Backpack Meals that Make Sense
(8/22/06) Picture yourself sitting around the campfire laughing with your backpacking buddies while sharing stories. You're sipping on a cup of fine cognac after finishing a delicious plate of fettucine alfredo that you cooked from scratch. Life is really good.
But it was a long and strenuous day of hiking and you can feel your muscles starting to fall asleep before you do. Then your mind chimes in to remind you that you slept only four hours the previous night to pack for the trip. Yup, it's time to slip into your long johns and snuggle in your brand new toasty 900 fill Marmot sleeping bag.
That's when it hits you... Waaaaagghh, I have to wash the dishes. DISHES. disshhhhh... ez.
You grab your crusty plate and spork, and then grudgingly walk over to the pot to study the remains of burnt-on cream sauce, fragments of hardened pasta, and baked-on cheese. You then look up and glance around your surroundings as if to spot a Viking dishwasher hidden in the trees or for a rare encounter with the Dawn Dishwashing Liquid Angel, who has heard your cry for help. What you see instead is a fleeting shadow in the distance of what resembled the shape of a bear.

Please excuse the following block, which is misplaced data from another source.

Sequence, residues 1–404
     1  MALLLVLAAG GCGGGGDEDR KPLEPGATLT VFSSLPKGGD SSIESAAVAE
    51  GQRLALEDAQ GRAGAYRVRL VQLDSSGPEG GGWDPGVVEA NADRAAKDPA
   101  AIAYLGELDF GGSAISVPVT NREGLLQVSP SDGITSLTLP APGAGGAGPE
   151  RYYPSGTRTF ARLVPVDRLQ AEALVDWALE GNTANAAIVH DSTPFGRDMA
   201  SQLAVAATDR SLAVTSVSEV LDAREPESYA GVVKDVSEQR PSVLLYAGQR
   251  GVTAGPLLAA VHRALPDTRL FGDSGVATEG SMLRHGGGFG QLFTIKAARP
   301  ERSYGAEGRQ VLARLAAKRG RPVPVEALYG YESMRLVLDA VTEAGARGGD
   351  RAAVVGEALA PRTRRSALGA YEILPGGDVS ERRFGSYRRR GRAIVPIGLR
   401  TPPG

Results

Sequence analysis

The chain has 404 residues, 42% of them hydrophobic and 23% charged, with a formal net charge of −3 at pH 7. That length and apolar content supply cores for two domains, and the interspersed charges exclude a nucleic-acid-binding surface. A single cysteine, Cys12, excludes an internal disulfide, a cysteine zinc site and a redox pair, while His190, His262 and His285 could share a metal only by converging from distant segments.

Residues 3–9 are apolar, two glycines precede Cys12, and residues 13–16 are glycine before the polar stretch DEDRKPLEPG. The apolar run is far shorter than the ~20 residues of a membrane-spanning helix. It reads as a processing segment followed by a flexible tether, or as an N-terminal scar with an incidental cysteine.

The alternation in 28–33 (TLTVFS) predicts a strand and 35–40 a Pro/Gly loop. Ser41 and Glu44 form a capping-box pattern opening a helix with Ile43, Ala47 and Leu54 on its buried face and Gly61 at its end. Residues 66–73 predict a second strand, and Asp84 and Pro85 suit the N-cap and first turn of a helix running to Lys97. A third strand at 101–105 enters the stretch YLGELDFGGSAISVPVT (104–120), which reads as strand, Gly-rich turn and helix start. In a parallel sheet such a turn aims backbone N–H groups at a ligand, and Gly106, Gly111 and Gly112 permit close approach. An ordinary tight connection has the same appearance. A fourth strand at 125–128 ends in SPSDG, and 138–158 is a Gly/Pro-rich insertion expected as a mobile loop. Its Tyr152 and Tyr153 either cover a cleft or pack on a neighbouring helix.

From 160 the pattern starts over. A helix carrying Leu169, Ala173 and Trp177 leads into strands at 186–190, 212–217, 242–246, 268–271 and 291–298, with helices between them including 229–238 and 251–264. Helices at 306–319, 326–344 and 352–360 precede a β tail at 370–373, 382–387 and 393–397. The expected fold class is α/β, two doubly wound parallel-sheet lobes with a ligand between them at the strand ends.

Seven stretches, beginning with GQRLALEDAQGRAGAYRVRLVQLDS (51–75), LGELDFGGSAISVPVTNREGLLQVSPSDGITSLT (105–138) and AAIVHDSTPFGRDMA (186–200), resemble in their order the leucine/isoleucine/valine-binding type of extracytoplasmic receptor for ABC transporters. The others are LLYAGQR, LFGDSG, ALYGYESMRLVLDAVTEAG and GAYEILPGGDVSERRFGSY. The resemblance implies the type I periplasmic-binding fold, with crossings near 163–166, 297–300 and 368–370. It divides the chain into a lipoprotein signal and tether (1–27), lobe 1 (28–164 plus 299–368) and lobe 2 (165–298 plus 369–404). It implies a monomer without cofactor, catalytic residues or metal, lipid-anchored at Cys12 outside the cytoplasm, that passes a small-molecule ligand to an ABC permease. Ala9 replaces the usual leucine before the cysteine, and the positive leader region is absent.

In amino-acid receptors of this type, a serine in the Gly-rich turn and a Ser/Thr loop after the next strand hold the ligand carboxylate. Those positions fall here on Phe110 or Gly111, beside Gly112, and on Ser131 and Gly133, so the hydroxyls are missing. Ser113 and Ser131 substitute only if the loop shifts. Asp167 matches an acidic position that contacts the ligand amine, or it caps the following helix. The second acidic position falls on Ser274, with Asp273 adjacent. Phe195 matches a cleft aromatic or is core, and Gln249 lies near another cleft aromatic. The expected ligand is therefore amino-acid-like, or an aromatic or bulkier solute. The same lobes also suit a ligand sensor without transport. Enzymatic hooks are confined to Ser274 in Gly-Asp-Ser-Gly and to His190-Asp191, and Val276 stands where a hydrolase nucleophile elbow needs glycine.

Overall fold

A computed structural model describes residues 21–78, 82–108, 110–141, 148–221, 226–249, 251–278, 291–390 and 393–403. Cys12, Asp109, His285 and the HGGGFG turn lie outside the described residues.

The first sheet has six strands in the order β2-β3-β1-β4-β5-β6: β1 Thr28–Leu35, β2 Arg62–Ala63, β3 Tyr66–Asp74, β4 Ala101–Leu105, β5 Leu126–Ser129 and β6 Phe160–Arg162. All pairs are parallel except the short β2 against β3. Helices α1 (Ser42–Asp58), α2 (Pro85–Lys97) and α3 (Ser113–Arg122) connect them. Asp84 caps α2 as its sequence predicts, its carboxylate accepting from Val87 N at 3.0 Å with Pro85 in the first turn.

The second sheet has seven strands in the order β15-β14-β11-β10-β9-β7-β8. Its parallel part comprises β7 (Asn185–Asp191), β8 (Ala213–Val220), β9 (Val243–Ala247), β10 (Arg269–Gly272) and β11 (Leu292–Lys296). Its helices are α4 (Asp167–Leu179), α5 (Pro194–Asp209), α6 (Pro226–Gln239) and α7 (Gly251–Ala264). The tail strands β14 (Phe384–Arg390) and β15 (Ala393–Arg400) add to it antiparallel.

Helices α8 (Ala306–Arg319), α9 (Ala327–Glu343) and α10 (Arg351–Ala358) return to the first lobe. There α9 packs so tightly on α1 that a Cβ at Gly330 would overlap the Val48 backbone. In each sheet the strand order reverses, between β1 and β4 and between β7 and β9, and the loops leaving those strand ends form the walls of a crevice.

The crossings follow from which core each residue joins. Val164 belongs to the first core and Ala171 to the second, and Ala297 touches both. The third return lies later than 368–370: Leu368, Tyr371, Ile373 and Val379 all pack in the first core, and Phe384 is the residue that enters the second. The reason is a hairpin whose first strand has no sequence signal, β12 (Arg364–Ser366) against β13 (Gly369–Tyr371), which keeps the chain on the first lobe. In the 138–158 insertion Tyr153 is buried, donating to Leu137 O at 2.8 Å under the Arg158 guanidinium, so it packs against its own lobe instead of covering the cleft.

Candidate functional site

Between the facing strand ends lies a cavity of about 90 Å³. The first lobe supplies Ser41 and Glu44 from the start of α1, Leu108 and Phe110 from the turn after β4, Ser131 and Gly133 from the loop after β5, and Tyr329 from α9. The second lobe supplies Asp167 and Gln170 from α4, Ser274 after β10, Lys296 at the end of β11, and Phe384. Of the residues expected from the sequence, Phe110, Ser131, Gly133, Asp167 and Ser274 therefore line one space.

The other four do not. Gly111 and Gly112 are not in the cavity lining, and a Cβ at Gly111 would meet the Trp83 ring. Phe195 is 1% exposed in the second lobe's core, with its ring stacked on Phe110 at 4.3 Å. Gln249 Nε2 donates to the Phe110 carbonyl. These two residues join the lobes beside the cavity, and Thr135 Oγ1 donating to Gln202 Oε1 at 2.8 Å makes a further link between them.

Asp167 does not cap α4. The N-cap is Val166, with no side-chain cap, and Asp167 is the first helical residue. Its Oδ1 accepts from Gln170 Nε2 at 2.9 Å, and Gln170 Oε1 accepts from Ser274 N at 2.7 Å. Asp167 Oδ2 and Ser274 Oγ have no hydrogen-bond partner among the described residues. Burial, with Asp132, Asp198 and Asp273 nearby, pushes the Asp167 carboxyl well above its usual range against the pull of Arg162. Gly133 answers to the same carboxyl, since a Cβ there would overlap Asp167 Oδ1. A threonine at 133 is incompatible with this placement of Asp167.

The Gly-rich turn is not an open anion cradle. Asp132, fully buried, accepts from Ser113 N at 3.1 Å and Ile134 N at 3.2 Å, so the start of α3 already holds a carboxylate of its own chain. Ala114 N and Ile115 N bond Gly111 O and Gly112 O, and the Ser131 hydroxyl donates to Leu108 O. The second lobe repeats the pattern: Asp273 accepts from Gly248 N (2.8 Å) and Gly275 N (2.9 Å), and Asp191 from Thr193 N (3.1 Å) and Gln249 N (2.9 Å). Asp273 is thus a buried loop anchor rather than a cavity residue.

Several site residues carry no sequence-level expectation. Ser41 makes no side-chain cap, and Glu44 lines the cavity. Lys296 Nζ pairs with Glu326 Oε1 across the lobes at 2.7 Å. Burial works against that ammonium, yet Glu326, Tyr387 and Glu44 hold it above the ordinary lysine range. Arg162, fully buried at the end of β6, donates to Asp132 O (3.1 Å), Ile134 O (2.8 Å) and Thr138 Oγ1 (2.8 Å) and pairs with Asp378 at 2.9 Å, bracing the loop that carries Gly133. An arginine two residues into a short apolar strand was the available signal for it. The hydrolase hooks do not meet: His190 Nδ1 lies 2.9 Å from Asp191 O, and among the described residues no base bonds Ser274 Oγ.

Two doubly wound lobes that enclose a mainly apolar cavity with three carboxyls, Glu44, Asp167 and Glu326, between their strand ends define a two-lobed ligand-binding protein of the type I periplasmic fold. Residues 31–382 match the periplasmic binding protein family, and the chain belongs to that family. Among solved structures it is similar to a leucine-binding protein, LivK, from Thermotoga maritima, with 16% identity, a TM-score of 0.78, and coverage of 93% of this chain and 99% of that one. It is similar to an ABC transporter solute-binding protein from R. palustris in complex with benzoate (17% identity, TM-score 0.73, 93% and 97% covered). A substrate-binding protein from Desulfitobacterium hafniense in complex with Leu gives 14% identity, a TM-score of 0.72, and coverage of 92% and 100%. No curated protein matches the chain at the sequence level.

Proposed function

Your backpacking buddies, who earlier looked longingly at your fettucini with fresh herbs, garlic, and stringy cheese, while they settled for their boring commercial freeze dried dinners, started to get up and exchange good nights. This only added insult to injury as you heard them earlier screaming like school girls as they splashed around in the lake, while you were shredding cheese, chopping herbs, and waiting for a large pot of water to boil. But wait, let's add coursely ground salt to the wound - you find out later in discussions around the campfire, that your studly pals were skinny dipping.
So there you are alone with your dirty pot, looking up at the stars, thinking to yourself, "Never again". (Slow-zoom out. Cross-fade to black video.)
Spoiled from gourmet cooking in the great outdoors, you're not ready to settle again for commercial freeze dried fare. As you lay in your sleeping bag hours later, counting your fifth shooting star, you ponder -- What would Becka Homo Eca do?
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